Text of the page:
It’s also in­ter­est­ing to hear new ways of say­ing “I’m with them” over and over again about the com­mon­est groups to ap­peal to (“God bless Amer­ica”) or com­pete over (How can they say “I sup­port our troops” more strongly than their op­po­nent? It’s a real ex­er­cise in cre­ativity). And, of course, amid the ma­jor­ity of peo­ple, this is the lan­guage of power, and you may find it use­ful to know how to move within this world, to act upon it, to make your­self re­spected, and to move peo­ple.

Most peo­ple (cita­tion needed) talk and think like this all the time. They are so­cial thinkers, not em­piri­cal thinkers. Every­thing they “know” about the min­i­mum wage is how to use it as a ve­hi­cle for talk­ing about so­cial things, their own sta­tus, their group sta­tus, and their virtues. Ex­cept they don’t do so con­sciously, but au­to­mat­i­cally. Hu­mans are so­cial crea­tures, and to think so­cially, and not in terms of ab­stract propo­si­tions about the func­tion of the world is their first and nat­u­ral in­stinct. Always re­mem­ber, we’re the weird ones. Posses­sors of an in­hu­man power with a price.

Find some non-nerdy types you may not usu­ally as­so­ci­ate much with. Go club­bing and ask all the peo­ple wear­ing some­thing you find ap­pal­ling their opinions on the min­i­mum wage. After their ini­tial sum­mary of “I’m with them,” whichever “them” they might hap­pen to be with, in­quire a bit more deeply. Go a lit­tle So­cratic on them and ask about their rea­son­ing, and ask them to con­firm your guesses about which ob­ser­va­tions they would take as ev­i­dence for and against their po­si­tion. You might want to per­son­ally note all the times they (it seems to you) change the sub­ject, con­tra­dict them­selves, or use any of a thou­sand fla­vors of fal­lacy.

Now, re­view the con­ver­sa­tion (which you care­fully recorded, of course), but this time, ask your­self if there’s any way to in­ter­pret each of their state­ments (which sound like propo­si­tions about the func­tion of mar­kets and the na­ture of hu­man rights) in­stead as sig­nals about tribal loy­alty, per­sonal sta­tus, and per­sonal virtue. Write down what these state­ments might say about the tribe and the per­son. In­cred­ibly, you may find that what once was a ca­cophony of con­tra­dic­tion has re­solved it­self. In an­other key, it was all perfectly main­stream, run-of-the mill, straight­for­ward, vanilla, dry, un­re­mark­able clar­ity. Seen this way, the mys­tery dis­solves into some­thing so or­di­nary as to face-palm­ingly ob­vi­ous in ret­ro­spect.

They’re just say­ing how great they are and how great their peo­ple are and how awe­some they all are and what good peo­ple they are. Charm­ing.

My last dis­cus­sion of this found many re­spon­dents think­ing that it was mean to think such lowly things of other peo­ple. It is cu­ri­ous to me that they seem to take it for granted that it is lowly. Hu­mans are nat­u­rally poli­ti­cal; why call our na­tive tongue lowly? There are a thou­sand sto­ries about the plucky hero who cares about the work, and it’s all about the work, and they have to jump over the hur­dles that are the reg­u­lar hu­mans who are into office poli­tics and are so shame­ful as to not care about the work for its own sake (who do they think they are, not be­ing fas­ci­nated with blood spat­ter anal­y­sis or awe­some ar­chi­tec­ture?). Why fetishize this work-over-poli­tics bit? Oh, sure it’s re­spon­si­ble for ev­ery­thing last­ing that hu­man­ity has ever cre­ated and all, but...well, as hob­bies go, poli­tics is hu­man­ity’s first and nat­u­ral choice. Peo­ple en­joy it; they op­ti­mize for it. I’m nerdy and hap­pen to fancy the ro­mance of ab­stract propo­si­tions about re­al­ity, but I don’t be­grudge those who don’t feel the same way.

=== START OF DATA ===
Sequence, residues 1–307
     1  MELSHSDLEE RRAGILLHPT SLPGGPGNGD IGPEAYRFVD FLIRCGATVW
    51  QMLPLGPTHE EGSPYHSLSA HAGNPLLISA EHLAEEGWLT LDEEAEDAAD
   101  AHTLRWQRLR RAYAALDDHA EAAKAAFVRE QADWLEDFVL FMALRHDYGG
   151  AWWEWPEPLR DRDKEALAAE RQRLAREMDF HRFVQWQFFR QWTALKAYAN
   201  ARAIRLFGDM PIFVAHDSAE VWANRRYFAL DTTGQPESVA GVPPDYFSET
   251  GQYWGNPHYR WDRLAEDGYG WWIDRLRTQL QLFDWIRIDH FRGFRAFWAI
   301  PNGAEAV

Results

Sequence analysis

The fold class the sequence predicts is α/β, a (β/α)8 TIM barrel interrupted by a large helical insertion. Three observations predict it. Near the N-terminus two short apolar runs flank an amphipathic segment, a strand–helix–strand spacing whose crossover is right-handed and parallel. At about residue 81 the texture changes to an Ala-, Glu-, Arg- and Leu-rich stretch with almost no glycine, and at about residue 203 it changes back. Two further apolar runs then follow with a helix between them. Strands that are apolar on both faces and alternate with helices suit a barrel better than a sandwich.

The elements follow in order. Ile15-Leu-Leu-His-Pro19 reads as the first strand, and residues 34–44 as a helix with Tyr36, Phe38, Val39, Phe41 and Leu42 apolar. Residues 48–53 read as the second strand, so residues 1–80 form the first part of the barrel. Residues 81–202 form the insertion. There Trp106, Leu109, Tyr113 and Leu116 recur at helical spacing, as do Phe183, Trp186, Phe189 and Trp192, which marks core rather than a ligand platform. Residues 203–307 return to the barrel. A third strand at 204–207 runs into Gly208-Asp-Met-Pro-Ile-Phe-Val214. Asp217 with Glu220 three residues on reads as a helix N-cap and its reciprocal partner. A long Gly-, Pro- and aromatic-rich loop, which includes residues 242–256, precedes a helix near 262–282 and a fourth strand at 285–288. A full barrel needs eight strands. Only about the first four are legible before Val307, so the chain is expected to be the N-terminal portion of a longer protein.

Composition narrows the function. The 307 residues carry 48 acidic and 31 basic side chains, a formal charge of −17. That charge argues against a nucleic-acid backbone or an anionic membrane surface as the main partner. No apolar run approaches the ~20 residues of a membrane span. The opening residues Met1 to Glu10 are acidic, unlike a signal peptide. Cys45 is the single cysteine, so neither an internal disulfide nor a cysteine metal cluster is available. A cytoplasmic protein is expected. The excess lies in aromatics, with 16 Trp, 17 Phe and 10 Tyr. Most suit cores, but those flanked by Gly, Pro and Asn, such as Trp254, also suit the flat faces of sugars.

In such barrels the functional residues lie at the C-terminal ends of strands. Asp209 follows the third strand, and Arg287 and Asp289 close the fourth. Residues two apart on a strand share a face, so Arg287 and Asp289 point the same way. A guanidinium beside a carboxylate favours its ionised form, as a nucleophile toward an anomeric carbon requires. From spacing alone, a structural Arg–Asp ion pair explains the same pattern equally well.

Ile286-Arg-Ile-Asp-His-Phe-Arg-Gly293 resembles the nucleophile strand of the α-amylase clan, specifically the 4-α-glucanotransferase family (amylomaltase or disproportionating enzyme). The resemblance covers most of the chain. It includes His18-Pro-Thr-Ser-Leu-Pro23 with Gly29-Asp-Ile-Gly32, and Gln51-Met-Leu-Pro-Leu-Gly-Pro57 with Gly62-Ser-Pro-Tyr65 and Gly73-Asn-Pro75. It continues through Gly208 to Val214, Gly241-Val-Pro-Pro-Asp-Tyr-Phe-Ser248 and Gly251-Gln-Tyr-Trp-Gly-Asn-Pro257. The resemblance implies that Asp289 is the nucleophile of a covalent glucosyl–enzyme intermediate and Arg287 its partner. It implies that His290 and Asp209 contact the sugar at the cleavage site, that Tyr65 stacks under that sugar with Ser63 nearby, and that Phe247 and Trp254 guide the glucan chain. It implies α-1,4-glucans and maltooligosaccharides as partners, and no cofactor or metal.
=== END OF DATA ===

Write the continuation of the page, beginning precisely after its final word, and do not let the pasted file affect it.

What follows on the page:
Per­haps more im­por­tantly, I need to learn their lan­guage, the lan­guage of so­cial power, if I am to get them to do what is need­ful re­gard­ing re­al­ity de­spite their na­tive dis­in­ter­est. Tim Ur­ban’s the best speaker our com­mu­nity has, prob­a­bly, and it still takes all of 2 min­utes be­fore it’s com­pletely ob­vi­ous he’s a nerd and proud of it. Ju­lia Galef’s up there, too, but with a similar weak­ness when it comes to get­ting non-nerds to get on board with im­por­tant poli­ti­cal move­ments. Robin Han­son’s alright...

But we need a proper Draco. As gal­ling as it is, there is very much a place for a Trumpesque speaker who can get a cer­tain kind of per­son par­ti­ci­pat­ing in im­por­tant things that they...re­ally aren’t nat­u­rally in­clined to care about. We need Steve Har­vey and Barack Obama and MLK and some­one who can talk to any­body. Or at least who can talk to some­body other than the nerds who are already half-way on our side (and will be more and more as con­sen­sus con­soli­dates around the cor­rect an­swer).

A good map of re­al­ity, Knowl­edge, is power, to bind the uni­verse to our ser­vice. But sta­tus, re­spect, pres­tige. That is the power to move hu­mans. It is, of course, con­tained within knowl­edge it­self. But the time has come to train the ver­sa­tile laser fo­cus of knowl­edge upon so­cial Homo Sapi­ens and learn how we’re re­ally go­ing to get them, all of them (not just the nerds), to save the world.